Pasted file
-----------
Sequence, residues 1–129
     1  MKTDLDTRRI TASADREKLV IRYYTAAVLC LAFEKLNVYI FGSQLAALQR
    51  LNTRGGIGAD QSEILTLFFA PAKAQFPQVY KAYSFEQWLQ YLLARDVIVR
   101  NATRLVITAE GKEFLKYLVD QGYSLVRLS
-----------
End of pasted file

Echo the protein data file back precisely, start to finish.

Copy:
Sequence, residues 1–129
     1  MKTDLDTRRI TASADREKLV IRYYTAAVLC LAFEKLNVYI FGSQLAALQR
    51  LNTRGGIGAD QSEILTLFFA PAKAQFPQVY KAYSFEQWLQ YLLARDVIVR
   101  NATRLVITAE GKEFLKYLVD QGYSLVRLS